13 Ways to Break A Firewall


Firewalls are almost always the first technology investment in a new ICS security program, but are they secure? Firewalls have been with us for more than 25 years now – both the good guys and bad guys know how to break through them. Join us to review 13 ways to break through a firewall, each with between dozens and thousands of examples in the wild. Time permitting, up to five of these techniques will be demonstrated live, on a modern, next-gen firewall. This presentation also reviews seven compensating measures deployed routinely to address firewall vulnerabilities on control system networks, and evaluates each measure against each of the 13 classes of attacks.

Admission Fee: 
»IEEE Members $15 
»IEEE Non-members $25 
»Full Time Students Free



» 5:15 Registration

» 6:00 Introduction 

» 6:15 Presentation 

» 7:00 Break and a Quick Snack 

» 7:30 Presentation Resumes 

» 8:15 Q&A 

» 8:30 Networking 

» 9:00 Doors close


  Date and Time




  • 110 – 12 Ave SW
  • Calgary, Alberta
  • Canada
  • Building: TransAlta
  • Room Number: Auditorium

Staticmap?size=250x200&sensor=false&zoom=14&markers=51.0419273%2c 114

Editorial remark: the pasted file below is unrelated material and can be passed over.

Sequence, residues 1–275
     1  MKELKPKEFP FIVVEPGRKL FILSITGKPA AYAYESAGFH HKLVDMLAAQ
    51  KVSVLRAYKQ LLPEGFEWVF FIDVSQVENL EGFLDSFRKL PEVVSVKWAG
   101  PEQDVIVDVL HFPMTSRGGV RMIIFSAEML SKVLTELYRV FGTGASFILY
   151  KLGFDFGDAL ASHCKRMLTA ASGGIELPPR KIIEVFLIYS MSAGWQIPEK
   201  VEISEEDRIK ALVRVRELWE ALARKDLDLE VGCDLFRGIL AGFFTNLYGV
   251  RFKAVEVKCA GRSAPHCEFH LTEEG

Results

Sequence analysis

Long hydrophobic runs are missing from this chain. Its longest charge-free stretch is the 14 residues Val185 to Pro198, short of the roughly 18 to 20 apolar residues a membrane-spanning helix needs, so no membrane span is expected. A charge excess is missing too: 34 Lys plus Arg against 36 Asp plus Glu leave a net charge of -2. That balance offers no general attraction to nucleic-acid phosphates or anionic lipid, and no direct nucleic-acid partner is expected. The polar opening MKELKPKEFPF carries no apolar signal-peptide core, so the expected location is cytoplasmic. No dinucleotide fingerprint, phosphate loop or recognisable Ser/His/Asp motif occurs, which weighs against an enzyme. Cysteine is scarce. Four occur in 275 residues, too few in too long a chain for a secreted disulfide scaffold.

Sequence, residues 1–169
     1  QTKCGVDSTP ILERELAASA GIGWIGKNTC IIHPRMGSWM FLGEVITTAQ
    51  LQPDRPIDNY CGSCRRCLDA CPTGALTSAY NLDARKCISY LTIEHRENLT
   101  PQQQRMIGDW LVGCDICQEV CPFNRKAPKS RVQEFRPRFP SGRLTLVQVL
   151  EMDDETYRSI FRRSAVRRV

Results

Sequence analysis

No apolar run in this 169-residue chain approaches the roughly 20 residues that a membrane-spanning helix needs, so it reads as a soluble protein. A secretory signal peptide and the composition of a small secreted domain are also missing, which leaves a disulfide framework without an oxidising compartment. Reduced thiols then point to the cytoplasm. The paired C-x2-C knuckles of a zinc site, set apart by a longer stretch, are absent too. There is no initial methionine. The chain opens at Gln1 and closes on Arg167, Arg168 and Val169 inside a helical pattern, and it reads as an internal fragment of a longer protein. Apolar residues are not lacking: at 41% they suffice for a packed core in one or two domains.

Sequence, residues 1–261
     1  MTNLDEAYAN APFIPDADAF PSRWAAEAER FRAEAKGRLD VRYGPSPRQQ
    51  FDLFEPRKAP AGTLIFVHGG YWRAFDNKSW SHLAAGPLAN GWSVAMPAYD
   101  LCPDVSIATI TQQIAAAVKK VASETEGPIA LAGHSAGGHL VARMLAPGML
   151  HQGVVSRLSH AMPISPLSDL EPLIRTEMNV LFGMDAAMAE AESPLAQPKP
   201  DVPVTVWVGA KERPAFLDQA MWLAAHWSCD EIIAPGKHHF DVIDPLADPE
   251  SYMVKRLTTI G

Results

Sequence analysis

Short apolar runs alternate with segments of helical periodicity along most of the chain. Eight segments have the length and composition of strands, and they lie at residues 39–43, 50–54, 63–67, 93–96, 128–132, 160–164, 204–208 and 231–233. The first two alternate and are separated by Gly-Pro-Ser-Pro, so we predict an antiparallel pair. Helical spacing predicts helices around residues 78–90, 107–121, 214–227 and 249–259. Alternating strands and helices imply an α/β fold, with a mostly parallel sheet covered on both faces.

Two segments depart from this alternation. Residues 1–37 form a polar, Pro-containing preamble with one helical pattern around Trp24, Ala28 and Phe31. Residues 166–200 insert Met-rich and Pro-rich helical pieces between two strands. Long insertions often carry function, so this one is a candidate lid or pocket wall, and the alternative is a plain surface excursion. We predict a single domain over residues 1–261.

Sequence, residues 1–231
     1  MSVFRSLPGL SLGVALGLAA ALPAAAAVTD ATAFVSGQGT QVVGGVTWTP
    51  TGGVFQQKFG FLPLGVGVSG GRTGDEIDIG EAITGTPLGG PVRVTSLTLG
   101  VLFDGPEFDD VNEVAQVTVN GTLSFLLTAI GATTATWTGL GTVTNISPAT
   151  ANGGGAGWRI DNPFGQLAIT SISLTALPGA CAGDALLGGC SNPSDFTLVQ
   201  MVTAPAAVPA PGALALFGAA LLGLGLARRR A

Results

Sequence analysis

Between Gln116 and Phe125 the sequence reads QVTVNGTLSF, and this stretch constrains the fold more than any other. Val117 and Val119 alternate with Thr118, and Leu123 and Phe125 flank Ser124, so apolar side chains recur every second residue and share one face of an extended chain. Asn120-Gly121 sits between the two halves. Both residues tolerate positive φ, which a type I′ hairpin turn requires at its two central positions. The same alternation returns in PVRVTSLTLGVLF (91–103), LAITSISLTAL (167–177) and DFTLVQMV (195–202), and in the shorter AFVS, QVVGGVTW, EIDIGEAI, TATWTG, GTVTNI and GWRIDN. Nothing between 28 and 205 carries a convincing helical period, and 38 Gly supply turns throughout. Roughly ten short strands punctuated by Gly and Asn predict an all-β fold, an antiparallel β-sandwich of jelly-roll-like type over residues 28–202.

• Starts 25 January 2017 12:00 AM
  • Ends 04 May 2017 12:00 PM
  • All times are Canada/Mountain
  • Admission fee ?
  • Register


Andrew Ginter, VP at Waterfall Security Solutions

Andrew Ginter, VP at Waterfall Security Solutions

Andrew Ginter is the Vice President of Industrial Security at Waterfall Security Solutions. He spent 25 years leading the development of commercial products for a variety of computer networking, industrial control system and industrial cyber-security vendors. Andrew is currently an Adjunct Assistant Professor of Electrical and Computer Engineering at Michigan Technological University, the co-chair of the ISA SP-99 WG1 working group, and the author of "SCADA Security - What's broken and how to fix it." He represents Waterfall Security Solutions to NIST, NERC-CIP, the Industrial Internet Consortium, other ISA SP-99 working groups, and other cyber-security standards bodies. He holds degrees in Applied Mathematics and Computer Science from the University of Calgary, and is an IEEE member.